From Diamonds, Gold, and War: The British, the Boers, and the Making of South Africa, by Martin Meredith (PublicAffairs, 2008), Kindle pp. 170-172:
Of more concern to Kruger was how to protect the Boer character of the Transvaal from foreign influence. He proposed restrictions on immigration ‘in order to prevent the Boer nationality from being stifled’, but recognised that, with only a limited pool of trained manpower available amongst Transvaalers, foreign recruitment was unavoidable. His solution was to appeal for immigrants from Holland. ‘I apprehend the least danger from an invasion from Holland,’ he said. Addressing a huge crowd in Amsterdam during a European tour in 1884, he declared: ‘We have kept our own language, the language of the Netherlands people, who have fought eighty years for faith and freedom. Our people in the wilderness have kept their language and faith through every storm. Our whole struggle is bound up with this.’ Over the course of the next fifteen years, more than 5,000 Dutch immigrants arrived in the Transvaal, reinforcing the ranks of civil servants and teachers.
Kruger also used his immense authority to promote the Calvinist concept of national calling and destiny. To celebrate the return of the Transvaal’s independence in 1881, he organised a four-day ‘festival of thanksgiving’ at Paardekraal, where the year before burghers had vowed to defend the unity of the Volk and re-establish their republic. Speaking before a crowd of 12,000 Boers on the first day, 13 December, Kruger reminded them of the early struggle of the voortrekkers and of how each time God had guided them onward. The Great Trek, he said, was like the journey of the Israelites of the Old Testament leaving Egypt to escape the Pharaoh’s yoke, and he cited it as evidence that God had summoned the Boers on a similar mission to establish a promised land in southern Africa. They were thus a chosen people.
The last day of the festival, 16 December, was used for the same purpose. It marked the forty-third anniversary of the Boer victory at Blood River in 1838 when a commando of 468 trekkers, three Englishmen and sixty blacks faced some 10,000 Zulu warriors. In a battle lasting two hours, three trekkers were slightly wounded and none killed, but 3,000 Zulus lay dead. For Kruger, the victory at Blood River was a miracle demonstrating God’s support for the Boers and their special mission in Africa. Just as 16 December 1838 had been a turning point in the lives of the trekkers, said Kruger, so now 16 December 1881 was the beginning ‘of still greater salvation’.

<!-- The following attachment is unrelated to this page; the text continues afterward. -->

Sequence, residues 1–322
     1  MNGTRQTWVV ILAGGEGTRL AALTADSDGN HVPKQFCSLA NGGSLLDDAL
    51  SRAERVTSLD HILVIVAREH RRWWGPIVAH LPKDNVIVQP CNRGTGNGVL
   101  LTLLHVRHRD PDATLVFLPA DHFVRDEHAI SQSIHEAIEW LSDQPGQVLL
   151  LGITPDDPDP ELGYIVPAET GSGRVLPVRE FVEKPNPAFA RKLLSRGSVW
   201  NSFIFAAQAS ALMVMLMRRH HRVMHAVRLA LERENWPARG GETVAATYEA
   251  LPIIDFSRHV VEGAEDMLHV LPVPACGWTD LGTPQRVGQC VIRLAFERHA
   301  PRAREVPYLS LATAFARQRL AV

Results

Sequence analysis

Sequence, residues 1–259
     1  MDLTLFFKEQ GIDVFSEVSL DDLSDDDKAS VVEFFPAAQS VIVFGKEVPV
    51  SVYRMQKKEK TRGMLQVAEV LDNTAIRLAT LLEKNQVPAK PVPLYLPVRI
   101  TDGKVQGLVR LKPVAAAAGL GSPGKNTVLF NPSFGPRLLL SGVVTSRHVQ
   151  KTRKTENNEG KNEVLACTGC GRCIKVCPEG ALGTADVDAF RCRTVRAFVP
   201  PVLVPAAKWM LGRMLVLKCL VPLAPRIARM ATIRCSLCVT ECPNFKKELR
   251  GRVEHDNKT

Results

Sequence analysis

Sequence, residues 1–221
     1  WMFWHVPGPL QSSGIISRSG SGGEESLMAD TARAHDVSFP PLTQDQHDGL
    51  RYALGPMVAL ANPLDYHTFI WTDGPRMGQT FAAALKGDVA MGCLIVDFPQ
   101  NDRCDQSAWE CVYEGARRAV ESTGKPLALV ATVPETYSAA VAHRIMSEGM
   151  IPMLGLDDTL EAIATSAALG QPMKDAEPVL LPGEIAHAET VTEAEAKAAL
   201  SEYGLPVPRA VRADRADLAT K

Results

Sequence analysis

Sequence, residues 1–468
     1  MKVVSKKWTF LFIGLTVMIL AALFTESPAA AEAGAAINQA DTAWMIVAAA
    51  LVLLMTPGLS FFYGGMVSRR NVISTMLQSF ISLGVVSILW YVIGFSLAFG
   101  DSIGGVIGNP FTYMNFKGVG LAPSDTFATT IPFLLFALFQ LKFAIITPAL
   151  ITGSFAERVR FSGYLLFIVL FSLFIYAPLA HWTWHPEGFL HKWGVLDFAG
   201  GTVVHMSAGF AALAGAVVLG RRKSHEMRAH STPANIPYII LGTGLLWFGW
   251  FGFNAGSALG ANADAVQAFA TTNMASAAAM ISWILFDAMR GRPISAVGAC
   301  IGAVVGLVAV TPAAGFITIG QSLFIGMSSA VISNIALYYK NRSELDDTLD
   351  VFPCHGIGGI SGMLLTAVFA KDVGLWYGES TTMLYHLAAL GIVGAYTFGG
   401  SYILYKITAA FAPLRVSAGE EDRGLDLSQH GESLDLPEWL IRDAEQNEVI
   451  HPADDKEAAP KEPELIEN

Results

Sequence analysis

The festival at Paardekraal became a five-yearly event, presided over by Kruger, with ever greater emphasis being placed on the significance of the Blood River victory – Dingaan’s Day, as it was called. The Transvaal government appointed a Dutch teacher to seek out survivors and record their memories. What became especially important was a pledge said to have been made by members of the commando a few days before the battle occurred that, if God granted them a victory, they would build a memorial church in his honour and commemorate the anniversary as a day of thanksgiving for ever more.
In his report of the battle, the commando leader, Andries Pretorius, did indeed refer to the covenant and, three years later, together with local people, he erected a church building at the Boer encampment at Pietermaritzburg in Natal. From 1861, however, the building was no longer used as a place of worship, but for commercial purposes. It became in turn a wagonmaker’s shop, a mineral water factory, a tea room, a blacksmith’s workshop, a school and, eventually, a woolshed. Nor, apparently, did most members of the commando take the covenant seriously. The covenant, in fact, fell rapidly into oblivion.
But facing the menace of British imperialism in the 1880s, Kruger and other prominent Afrikaners in the Transvaal sought to fortify morale by reviving public awareness of the covenant. Kruger argued that the setbacks the Boers had endured – from the British annexation of Natal in 1843 to the British annexation of the Transvaal in 1877 – were God’s chastisements for their failure to honour their vow. The Boer victory in 1881 was a sign of God’s continuing commitment.
Having regained independence, however, Kruger was allowed little respite from the attention of foreigners. In 1885, news arrived in Pretoria of a major gold discovery on the eastern border of the Transvaal.